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Weaving display to celebrate Matariki


As we appreciate the stunning annual display of the cluster of stars that reappear in our night skies every winter, we know that Matariki and the Māori New Year have arrived. In celebration of this, local Te Roopu Mahi Kākahu weaving group have organised an event on Friday this week (24 June) where they will be displaying their year’s worth of work to the public at The Lost Spring in Whitianga.

“Matariki is a time to honour those who are no longer with us and bring whānau, friends and the community together to reflect on the previous year to and look forward to the new year,” says expert weaver and kaiako (teacher) of Te Roopu Mahi Kākahu group, Deborah Phillips. “Hence Te Roopu Mahi Kākahu group is happy to welcome all who are interested in coming along to help us celebrate Matariki through our weaving.”

The weavers will be demonstrating their weaving from 11:00am to 12:00pm and 1:00pm to 2:00pm. Presentations will be taking place from 12:00pm to 1:00pm, and 2:00pm to 3:00pm where each weaver will strut their stuff and the audience will be able to view their mahi.

Lunch will also be available. Guests must make sure to book in and pay for their meals with The Lost Spring directly.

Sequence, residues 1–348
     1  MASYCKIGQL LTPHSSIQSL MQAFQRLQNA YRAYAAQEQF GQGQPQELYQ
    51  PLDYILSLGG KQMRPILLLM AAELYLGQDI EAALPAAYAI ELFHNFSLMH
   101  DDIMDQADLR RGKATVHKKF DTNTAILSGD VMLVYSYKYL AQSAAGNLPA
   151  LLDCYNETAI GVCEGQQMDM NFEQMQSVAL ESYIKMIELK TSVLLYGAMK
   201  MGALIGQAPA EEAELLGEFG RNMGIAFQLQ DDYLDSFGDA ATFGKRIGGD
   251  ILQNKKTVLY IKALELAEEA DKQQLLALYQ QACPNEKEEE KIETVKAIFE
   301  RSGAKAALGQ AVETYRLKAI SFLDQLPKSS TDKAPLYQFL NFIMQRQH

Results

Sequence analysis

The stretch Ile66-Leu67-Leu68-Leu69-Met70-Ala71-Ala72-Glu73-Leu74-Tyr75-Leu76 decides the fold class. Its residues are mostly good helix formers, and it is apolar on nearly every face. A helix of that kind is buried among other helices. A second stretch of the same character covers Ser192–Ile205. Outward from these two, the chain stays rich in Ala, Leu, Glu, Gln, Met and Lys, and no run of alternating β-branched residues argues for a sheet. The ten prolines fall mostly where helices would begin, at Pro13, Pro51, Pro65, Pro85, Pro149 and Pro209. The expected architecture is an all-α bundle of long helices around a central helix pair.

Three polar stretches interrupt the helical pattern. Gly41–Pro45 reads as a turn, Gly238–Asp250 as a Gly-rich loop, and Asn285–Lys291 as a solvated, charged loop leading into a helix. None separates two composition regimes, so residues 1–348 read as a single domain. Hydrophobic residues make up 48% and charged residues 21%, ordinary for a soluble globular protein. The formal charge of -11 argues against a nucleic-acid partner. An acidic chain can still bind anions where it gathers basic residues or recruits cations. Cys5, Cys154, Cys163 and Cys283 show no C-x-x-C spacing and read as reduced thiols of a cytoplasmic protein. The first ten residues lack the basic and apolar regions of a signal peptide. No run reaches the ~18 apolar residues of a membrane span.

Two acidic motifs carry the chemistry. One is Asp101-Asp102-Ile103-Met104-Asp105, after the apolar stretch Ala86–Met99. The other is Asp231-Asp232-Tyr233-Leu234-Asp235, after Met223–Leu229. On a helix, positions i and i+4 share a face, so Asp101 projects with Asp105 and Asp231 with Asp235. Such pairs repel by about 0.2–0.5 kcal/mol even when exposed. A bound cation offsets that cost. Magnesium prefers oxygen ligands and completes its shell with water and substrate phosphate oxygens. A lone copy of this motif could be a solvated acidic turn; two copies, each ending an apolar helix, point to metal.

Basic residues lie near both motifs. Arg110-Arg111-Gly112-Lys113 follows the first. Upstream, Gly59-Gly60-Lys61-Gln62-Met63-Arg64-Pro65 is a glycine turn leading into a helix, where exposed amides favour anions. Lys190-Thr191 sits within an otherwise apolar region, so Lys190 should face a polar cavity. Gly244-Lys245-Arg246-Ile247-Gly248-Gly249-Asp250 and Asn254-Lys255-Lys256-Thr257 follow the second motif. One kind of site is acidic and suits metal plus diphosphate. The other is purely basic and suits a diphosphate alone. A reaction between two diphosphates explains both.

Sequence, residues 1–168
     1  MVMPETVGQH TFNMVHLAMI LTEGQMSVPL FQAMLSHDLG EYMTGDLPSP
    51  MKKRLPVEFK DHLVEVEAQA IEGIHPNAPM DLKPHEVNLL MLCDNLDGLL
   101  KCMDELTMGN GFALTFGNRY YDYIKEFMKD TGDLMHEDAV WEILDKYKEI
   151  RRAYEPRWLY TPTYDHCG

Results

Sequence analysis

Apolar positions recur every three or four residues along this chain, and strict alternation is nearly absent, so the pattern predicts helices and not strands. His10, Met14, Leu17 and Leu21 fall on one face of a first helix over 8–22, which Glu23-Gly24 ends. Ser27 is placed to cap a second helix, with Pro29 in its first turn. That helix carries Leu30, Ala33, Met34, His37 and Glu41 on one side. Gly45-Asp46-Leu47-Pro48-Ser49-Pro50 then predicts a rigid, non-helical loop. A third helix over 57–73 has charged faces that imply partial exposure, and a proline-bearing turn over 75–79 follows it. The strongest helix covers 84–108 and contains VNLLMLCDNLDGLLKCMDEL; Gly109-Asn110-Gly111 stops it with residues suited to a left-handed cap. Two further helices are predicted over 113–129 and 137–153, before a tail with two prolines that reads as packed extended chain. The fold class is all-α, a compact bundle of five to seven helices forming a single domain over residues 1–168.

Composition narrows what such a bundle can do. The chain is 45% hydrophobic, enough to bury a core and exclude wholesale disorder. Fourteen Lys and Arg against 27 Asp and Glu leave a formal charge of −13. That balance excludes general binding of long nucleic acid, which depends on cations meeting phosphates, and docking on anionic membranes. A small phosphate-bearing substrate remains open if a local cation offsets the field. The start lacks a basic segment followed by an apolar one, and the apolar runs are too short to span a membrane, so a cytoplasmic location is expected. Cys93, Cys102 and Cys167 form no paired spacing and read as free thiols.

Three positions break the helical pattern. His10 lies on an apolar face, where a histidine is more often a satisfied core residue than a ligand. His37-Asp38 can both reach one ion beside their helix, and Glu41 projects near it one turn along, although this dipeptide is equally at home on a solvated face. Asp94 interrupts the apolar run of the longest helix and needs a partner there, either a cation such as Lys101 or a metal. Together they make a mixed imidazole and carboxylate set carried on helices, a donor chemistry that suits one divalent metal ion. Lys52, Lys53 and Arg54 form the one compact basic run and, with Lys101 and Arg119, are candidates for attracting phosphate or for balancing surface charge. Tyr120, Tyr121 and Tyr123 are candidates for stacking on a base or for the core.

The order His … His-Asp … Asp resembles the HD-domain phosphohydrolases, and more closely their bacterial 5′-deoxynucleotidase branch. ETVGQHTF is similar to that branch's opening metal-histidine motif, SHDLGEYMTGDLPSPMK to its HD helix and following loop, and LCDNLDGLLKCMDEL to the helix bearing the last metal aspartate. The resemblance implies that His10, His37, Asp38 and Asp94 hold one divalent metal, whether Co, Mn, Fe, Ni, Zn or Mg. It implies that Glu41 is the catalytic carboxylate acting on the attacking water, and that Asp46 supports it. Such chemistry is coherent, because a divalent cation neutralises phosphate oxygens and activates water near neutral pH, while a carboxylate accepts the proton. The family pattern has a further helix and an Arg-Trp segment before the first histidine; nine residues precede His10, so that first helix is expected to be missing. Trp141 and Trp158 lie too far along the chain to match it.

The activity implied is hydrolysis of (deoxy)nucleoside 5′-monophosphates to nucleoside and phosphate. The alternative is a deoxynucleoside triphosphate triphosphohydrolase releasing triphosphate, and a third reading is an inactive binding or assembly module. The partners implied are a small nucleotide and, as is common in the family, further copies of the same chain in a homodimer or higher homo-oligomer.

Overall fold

Each weaver has woven two cloaks this year, which they will be displaying at the event. One cloak is a full-sized, traditional kākahu and the other is a smaller version - an impressive feat, considering one full sized kākahu can use up to 20,000 feathers and can take up to two years to make.

Te Roopu Mahi Kākahu was initiated exactly a year ago on Matariki, after Deborah struck up a conversation in a local op shop with a Whitianga Social Services volunteer. “They took my idea to management and ever since then, we have hit the ground running,” says Deborah. “I’d really like to take this opportunity to thank Whitianga Social Services for the ongoing support they show towards our group in terms of funding and allocating space for our weekly classes on a Thursday.

“Despite using contemporary materials, we are traditional in our tikanga (method) to honour our culture and tipuna (ancestors). My goal is to revive Māori heritage through teaching women to weave and for every household to eventually have their own kākahu. Lots of people don’t know about their culture and weaving is a gentle way of immersing ourselves in te ao Māori (the Māori worldview).

“I have seen the many positive effects weaving has had on people’s lives, for instance, increased self-esteem and a sense of belonging. When we learn about our culture, it makes us better people because we understand ourselves.

“We all - especially those who, only a year ago, didn’t know how to weave and now can - are very excited to share our our progress with everyone who stops by on Friday. We look forward to what we’re going to weave this coming year and to further accomplishments.”

Friday is also a public holiday. Its the first time Matariki is formally recognised in New Zealand.


Pictured are the members of Te Roopu Mahi Kākahu weaving group. Back, from left: Jo Waite, Adrienne Jervis, Susan Griffiths and Laveena Berryman. Front, from the left: Bess Kingi Edmonds, Deborah Phillips, Vicki Southon and Sandy Gaskell.

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